DHS can improve, experts say
- By Dibya Sarkar
- Jan 25, 2005
The Homeland Security Department's overall performance can be improved by restructuring management, more clearly defining roles and responsibilities, developing better strategic plans and analyses, and providing more staff and training, experts said today during a Senate hearing.
The department isn't moving forward as a coherent entity but as a bunch of individual programs, said James Carafano, a senior research fellow at the Heritage Foundation, before the newly renamed Senate Homeland Security and Governmental Affairs Committee.
He said DHS officials can't say how they can maximize investments. "If we have $10 to invest tomorrow, explain to me how we can invest [it], and they can't do that right now," he said.
Carafano, along with a who's who of experts from top think tanks in Washington, D.C., said the department — formed by merging 22 disparate agencies and 180,000 employees — has come a long way in its short two-year existence and the nation's security has generally improved. But they also said gaps exist that officials should fix now.
Stephen Flynn, a senior fellow at the Council on Foreign Relations said he would give DHS a C-minus for overall performance. He added that department officials need to develop senior executives and provide senior management with more staff. The chief operating officer "has five people and some of the lousiest office space in Washington," he said.
Flynn, a former Coast Guard officer, said some law enforcement officers in DHS, such as Border Patrol agents, need more training. They receive most training on the job.
Carafano, who recently co-authored a study about DHS management with David Heyman of the Center for Strategic and International Studies, said department officials should create an undersecretary for policy and an undersecretary for preparedness and protection. They should also strengthen the chief information officer's authority, he added, among more than 40 recommendations.
However, Richard Falkenrath, a former deputy homeland security adviser in the White House who helped design DHS, said he didn't think management issues are a top concern. He said the performance of the department's leaders exceeded his own expectations and DHS management is no worse than any other federal department's. And they don't have to deal with reorganization challenges.
That doesn't mean there is nothing sacrosanct in DHS, but statutory changes should not drive internal reorganization. The new DHS secretary should be given a chance to understand the situation, but Congress should probably consider increasing his authority so he can unilaterally reorganize the department, said Falkenrath, a visiting fellow at the Brookings Institution.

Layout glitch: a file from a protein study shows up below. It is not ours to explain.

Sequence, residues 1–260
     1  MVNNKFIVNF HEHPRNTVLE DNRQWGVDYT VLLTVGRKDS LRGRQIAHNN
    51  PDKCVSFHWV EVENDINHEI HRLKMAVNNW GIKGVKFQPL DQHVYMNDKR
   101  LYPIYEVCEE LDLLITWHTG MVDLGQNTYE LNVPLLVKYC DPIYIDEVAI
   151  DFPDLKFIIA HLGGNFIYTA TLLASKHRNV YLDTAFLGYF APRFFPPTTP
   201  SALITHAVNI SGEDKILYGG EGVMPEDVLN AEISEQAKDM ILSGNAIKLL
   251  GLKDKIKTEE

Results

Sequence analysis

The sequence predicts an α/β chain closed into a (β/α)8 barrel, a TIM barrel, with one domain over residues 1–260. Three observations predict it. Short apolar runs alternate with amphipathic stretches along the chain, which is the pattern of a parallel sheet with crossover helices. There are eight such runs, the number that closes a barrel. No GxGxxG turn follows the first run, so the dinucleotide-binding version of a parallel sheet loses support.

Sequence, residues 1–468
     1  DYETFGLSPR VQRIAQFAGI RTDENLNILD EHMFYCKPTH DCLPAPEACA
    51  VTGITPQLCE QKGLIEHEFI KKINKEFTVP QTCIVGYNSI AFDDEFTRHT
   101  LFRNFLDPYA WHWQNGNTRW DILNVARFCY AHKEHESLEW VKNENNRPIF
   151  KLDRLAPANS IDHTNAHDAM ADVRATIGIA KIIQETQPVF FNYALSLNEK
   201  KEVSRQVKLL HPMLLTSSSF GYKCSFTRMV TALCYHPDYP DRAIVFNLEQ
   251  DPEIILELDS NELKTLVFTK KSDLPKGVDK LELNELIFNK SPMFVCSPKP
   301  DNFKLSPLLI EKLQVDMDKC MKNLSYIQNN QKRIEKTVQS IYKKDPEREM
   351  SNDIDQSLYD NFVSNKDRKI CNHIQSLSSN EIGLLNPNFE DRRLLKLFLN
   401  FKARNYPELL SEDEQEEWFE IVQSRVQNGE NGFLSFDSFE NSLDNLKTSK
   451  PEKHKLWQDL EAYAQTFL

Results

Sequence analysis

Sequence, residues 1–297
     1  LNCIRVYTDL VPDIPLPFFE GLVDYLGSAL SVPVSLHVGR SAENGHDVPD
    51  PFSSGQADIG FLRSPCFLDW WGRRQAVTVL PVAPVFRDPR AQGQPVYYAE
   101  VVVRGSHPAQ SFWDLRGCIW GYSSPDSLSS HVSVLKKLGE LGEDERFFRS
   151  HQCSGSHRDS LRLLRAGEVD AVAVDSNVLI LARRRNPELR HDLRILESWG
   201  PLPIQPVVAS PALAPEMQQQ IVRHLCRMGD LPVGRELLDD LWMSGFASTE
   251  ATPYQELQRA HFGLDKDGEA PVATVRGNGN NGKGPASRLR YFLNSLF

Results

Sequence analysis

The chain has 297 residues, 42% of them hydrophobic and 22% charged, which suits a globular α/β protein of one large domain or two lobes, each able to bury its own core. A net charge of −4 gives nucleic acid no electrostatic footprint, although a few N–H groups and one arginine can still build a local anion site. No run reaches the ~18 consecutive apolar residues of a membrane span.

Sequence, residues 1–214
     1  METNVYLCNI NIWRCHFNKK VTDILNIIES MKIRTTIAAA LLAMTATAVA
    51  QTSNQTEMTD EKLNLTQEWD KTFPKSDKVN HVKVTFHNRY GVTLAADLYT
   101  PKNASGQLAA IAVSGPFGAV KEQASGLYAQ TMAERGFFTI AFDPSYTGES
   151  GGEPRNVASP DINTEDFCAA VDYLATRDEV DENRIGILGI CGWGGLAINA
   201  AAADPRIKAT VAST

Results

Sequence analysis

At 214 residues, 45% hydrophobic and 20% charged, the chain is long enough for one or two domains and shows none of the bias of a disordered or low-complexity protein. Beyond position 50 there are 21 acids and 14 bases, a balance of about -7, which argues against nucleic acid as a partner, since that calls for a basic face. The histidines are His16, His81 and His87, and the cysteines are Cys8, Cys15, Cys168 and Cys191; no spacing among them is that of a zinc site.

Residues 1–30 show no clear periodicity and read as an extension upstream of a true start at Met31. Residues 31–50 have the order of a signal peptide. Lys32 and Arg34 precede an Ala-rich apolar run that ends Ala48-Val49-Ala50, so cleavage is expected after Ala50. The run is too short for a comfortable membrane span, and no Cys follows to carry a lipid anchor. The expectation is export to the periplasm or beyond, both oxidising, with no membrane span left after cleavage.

However, he pointed out areas that do need improvement, especially in securing hazardous chemicals. He said these chemicals are hauled through cities with low security and since the Sept. 11, 2001 terrorist attacks, essentially nothing has been done to improve it.
"This needs to be the next big push in critical infrastructure," he said.
He also pointed to improving credentials and identification standards, such as for driver's licenses, and providing a coherent plan to improve rails, trains, trucks and mass transit through access controls, sensors and other technologies.
Another issue was merging the Customs and Border Protection with the Immigration and Customs Enforcement. Flynn said ICE is in "total disarray" and called it "an agency in search of a mission." He favors a merger. However, Michael Wermuth, senior policy analyst at the RAND Corp., said further study is needed. Falkenrath said he was against it.
At the request of chairwoman Sen. Susan Collins (R-Maine), Richard Skinner, the department's inspector general, said he will look into whether those two agencies should be merged.
Several senators, however, said more funding isn't the answer. Sen. Ted Stevens (R-Alaska), who is chairman of the Appropriations Committee, almost seemed to admonish the panel for suggesting that their suggestions would mean spending more money on the department.
"I don't think there's going to be more money," he said. "In fact, I know there's not going to be any money."
After the hearing, Carafano said he doesn't favor expanding the DHS budget or adding more people, but he favors reorganizing how money and employees would be allocated. He said he is on record for doubling the Coast Guard's modernization budget, money that can come from other parts of the federal government.